We knew what was going on. These were drug smugglers running a load into the States. They'd been picking up a drop back off the cay. That's what the spotlight was all about. They probably figured we'd seen them and had come by to check us out. We were incredibly lucky, we thought, that they hadn't decided to take us out. It would have been short and easy work for them, almost foolproof out there in the blackness of the stormy Gulf Stream. With all those guys and all those automatic weapons, they could take out our antennae on top of the mast about the same time they were riddling us and our boat. Even if we had been able to get off a Mayday call they would be long gone, very far away in the increasingly impenetrable storm. We spoke briefly about how lucky we were. Until we heard it again.

Astern, way back off our port quarter, the roar of large motors. "They're coming back," I yelled. "They've circled out and around and they're coming back." We called friends on the VHF radio. We knew they were somewhere behind us. We said we had trouble with another boat and to please listen for our call… or no call. Then the fast boat was beside us.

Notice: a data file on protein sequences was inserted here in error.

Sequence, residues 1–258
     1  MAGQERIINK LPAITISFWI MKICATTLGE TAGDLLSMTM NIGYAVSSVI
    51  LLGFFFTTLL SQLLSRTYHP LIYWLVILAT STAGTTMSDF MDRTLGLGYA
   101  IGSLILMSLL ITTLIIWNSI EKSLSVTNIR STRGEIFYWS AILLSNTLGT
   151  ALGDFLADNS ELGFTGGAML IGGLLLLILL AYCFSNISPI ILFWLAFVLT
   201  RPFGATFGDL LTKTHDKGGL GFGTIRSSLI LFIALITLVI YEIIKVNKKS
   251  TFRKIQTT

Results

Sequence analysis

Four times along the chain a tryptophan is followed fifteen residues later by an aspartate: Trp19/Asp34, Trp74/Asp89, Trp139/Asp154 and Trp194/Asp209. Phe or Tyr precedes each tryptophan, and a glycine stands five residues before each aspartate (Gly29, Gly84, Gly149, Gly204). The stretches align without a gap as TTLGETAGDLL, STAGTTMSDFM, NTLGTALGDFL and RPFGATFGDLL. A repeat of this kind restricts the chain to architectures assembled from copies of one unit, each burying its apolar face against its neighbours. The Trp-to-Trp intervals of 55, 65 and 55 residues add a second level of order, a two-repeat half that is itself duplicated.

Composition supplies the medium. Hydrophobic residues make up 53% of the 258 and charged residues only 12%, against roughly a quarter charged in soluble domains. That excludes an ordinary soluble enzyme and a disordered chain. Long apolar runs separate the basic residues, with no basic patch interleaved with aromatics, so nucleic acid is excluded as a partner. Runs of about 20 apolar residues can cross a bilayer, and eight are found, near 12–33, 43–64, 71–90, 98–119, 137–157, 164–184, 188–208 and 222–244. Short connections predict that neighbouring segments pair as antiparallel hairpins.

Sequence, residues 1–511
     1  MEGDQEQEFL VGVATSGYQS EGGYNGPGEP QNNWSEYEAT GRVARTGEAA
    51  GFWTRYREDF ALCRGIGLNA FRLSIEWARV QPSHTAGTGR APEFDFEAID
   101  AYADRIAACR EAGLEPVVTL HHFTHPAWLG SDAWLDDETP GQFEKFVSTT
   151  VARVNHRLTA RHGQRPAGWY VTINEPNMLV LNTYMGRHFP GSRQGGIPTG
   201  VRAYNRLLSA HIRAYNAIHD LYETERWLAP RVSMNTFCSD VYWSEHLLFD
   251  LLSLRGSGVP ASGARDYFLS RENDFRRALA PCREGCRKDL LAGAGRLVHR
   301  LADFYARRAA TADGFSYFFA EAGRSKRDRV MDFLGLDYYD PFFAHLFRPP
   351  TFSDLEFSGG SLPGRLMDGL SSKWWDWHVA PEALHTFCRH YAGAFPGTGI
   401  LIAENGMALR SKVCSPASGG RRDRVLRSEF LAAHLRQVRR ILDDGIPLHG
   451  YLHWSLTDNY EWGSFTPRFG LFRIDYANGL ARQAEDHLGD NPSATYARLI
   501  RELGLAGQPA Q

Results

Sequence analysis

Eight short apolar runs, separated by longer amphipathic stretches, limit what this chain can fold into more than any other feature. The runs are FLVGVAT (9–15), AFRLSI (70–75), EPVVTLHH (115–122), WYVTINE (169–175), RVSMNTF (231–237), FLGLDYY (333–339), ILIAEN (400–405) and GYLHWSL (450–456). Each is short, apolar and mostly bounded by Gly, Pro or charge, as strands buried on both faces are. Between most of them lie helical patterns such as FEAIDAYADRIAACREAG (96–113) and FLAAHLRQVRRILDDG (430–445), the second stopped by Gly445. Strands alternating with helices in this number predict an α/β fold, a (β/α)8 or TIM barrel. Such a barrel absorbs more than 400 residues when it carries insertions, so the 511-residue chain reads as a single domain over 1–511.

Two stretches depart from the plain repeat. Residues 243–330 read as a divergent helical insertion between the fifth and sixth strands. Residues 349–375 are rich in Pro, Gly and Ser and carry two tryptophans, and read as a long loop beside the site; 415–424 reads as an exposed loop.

It was the same boat, same scroungy looking guys, same guns. It came along side, slowing, wallowing in the seas, most of the guys along one sidethe side closest to us. "We're coming aboard," someone yelled, barely audible over the storm.

"Who are you," I yelled back.

"We're DEA and Customs and Coast Guard and we're coming aboard."

Tom’s Tips About Boarding

1. Always be courteous, polite, respectful and professional when government forces are boarding.

2. If you feel that an announced boarding is unsafe because of sea and/or weather conditions, respectfully note your objection and your reasons, but that doesn't mean that you shouldn't comply with authorized orders.

Click here to see all of Tom's Tips

RIGHT, I thought. Even if they were they wouldn't be stupid enough to attempt a boarding in this storm.